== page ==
the rumpus, aside from all the great content above, has an unconventional approach to book reviews. their tastes tend toward the literary, covering newly-released highbrow fiction, poetry, and short story collections. the most well-known author i’ve seen featured is paul auster for his latest novel, sunset park—to give you an idea. most readers don’t discriminate when it comes to when a book was published, and neither does rumpus. their frequently updated last book i loved column features guest writers who share with readers the last remarkable book they’ve read. these personal essays—written by scholars, journalists, writers whose work has been published in reputable literary journals and magazines, and recognizable figures in the publishing industry—read like nerdy confessionals.

as with stephen’s book tour, the rumpus cultivates a sense of community and nowhere else is it more actively pursued than with their monthly book club. for $25 per month subscribers are mailed a yet-to-be released book, most likely a fiction pick. the site hosts an online discussion, which often includes a q&a with the author, while the book is read and accepts review submissions from members for that particular title. the best is posted. they recently added a poetry book club for $22—combo deals available.

possibly my favorite column on the site—and i admit to possible bias—is funny women, a series of female guest’s personal essays. the editor, emily bassist is wacky, outspoken, and pulling her weight in the fight for women in the literary scene. early in january, Greenlight Bookstore in brooklyn, a beautiful, inviting space, hosted a book event for the newly self-published rumpus women vol. 1, a sturdy, over-sized hardcover collection of essays by both past contributors and new voices. driven by a feminist ethos, julie greicius, the rumpus literary editor, and elissa bassist teamed up to choose which much-loved writers would carry this anthology. in their own words, the book is:

a rich cross-section of women’s lives that cuts across culture, age, occupation, orientation, and literary style. The essays are as diverse in form as the authors themselves—and their stories speak to each other, contradict each other, and inform each other. The authors are wives, mothers, sisters, and daughters. They are loved and unloved. They are gay, straight, and everything in between. They keep horses and sleep on benches. They are self-destructive and caretaking. They are religious and quietly converting. They have breast cancer and ovarian cysts. They are sex workers, sex scholars, teenage virgins, mothers-to-be or not-to-be. They are fighters, runners, and interns. They are writers.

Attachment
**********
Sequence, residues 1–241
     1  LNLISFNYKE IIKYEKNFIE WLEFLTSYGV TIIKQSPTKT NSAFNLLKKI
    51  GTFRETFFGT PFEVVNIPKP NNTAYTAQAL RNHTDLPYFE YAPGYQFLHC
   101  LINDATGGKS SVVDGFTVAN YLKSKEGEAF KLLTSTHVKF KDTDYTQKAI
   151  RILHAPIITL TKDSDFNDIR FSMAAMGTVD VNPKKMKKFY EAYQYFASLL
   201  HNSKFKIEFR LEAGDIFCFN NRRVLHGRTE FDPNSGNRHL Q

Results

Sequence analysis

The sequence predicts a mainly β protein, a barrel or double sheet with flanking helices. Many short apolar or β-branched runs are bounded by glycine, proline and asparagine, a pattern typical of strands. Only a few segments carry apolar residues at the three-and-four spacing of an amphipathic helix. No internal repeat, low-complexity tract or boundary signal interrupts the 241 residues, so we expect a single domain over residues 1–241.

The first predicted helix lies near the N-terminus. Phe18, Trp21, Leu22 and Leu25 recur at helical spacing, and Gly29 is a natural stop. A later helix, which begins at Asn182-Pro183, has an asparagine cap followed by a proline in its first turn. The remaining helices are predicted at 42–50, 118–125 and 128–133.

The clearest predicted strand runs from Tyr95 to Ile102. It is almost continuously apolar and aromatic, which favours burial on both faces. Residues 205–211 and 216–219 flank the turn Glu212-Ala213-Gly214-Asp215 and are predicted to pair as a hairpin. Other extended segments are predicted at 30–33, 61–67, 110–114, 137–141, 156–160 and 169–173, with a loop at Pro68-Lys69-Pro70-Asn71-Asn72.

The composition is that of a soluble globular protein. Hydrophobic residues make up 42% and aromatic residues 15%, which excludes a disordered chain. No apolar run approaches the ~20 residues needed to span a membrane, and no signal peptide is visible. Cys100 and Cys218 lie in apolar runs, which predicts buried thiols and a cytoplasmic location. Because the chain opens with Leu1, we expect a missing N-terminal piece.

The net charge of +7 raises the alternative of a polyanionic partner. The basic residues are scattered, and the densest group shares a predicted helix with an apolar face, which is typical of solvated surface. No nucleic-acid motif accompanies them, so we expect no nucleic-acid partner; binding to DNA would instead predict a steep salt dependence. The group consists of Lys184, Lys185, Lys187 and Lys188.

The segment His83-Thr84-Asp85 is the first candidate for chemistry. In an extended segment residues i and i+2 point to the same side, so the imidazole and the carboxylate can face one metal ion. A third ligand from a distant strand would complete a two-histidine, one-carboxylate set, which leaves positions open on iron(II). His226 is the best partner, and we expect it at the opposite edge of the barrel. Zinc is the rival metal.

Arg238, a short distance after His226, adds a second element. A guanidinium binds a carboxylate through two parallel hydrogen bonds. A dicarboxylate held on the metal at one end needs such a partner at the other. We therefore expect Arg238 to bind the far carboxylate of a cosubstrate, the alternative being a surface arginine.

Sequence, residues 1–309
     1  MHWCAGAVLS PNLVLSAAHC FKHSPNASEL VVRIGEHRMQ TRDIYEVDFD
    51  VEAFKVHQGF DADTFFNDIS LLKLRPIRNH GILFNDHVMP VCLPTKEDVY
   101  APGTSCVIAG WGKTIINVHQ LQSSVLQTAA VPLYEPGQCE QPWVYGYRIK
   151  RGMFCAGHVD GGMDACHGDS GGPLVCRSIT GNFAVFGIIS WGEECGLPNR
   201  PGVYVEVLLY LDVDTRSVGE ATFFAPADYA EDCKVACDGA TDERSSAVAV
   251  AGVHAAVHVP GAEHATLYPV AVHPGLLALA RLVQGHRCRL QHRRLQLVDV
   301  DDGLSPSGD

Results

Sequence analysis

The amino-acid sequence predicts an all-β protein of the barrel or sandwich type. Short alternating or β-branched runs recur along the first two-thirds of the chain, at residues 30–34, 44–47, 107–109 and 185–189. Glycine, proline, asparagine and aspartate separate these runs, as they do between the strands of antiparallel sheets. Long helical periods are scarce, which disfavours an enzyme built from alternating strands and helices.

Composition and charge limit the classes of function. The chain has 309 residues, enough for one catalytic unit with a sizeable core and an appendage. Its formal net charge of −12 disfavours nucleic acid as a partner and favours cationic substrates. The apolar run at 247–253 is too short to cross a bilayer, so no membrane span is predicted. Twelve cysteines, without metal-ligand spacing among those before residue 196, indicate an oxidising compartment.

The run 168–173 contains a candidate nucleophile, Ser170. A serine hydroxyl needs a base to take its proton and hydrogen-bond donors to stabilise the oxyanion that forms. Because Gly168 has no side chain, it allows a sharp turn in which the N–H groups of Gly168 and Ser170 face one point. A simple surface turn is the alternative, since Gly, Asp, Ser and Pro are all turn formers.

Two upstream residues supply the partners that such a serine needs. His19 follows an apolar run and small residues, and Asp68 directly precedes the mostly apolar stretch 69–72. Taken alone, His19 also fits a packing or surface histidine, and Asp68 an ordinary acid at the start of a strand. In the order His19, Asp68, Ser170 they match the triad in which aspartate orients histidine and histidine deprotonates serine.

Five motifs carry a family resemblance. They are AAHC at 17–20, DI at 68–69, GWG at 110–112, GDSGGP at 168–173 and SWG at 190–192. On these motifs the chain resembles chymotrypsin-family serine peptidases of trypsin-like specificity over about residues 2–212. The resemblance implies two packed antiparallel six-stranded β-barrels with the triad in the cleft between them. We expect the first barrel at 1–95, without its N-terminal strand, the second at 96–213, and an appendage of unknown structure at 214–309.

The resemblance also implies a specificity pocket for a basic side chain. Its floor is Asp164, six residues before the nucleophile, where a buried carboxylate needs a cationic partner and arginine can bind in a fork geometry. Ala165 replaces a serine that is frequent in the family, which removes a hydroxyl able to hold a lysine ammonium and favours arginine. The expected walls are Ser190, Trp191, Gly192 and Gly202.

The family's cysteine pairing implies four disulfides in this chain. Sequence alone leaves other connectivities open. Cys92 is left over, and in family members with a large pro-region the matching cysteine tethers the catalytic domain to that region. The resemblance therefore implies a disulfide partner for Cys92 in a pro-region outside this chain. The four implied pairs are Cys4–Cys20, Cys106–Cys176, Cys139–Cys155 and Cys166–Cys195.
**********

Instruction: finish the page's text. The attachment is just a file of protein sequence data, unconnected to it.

that night five of the contributors, including elissa whose essay on her ill-fated move to san francisco appears in the book, read their their stories to a packed house. jamie attenberg a novelist with a new book in paperback, the melting season, read her essay about traveling alone in italy; justine blau seized the audience’s attention when she told about her childhood on the streets of new york city with her mentally ill mother; nell boeschenstein read a heartbreaking story about her family’s breast cancer gene; and, mixing theory into her personal essay, michelle orange delivered an intriguing philosophical investigation.

as contributors to, and admired writers of, a site that so obviously holds the language arts in high-regard, it had to be asked: what is the best writing advice you’ve ever received? elissa, needing little time to respond, quoted advice columnist, sugar, “write like a motherfucker” . . . and if that inspires you, you can buy it on a mug from the rumpus store—and pick up a copy of rumpus women vol. 1 while you’re at it.

[dig deeper] ::
dear sugar #48:
“write like a mother fucker”
rumpus radio: available for free on iTunes, as an iPhone app, and can be downloaded to listen online. i suggest the steve almond episode.
donald: this parody novel about donald rumsfeld by stephen and eric martin will be published by mcsweeney’s on february 8th, the day rumsfeld’s real memoir hits the streets.

*the bio for jon adams on the rumpus lists a weekly strip in the san fran chronicle. there is also a blog post on jon’s site from late-2010 announcing that friendship town would run on thursdays in 96 hours, the chronicle‘s alternative weekly supplement, but i was unable to locate the strip online to confirm.


Written by Gabrielle

January 16, 2011 at 12:42 pm

Posted in books

Tagged with ,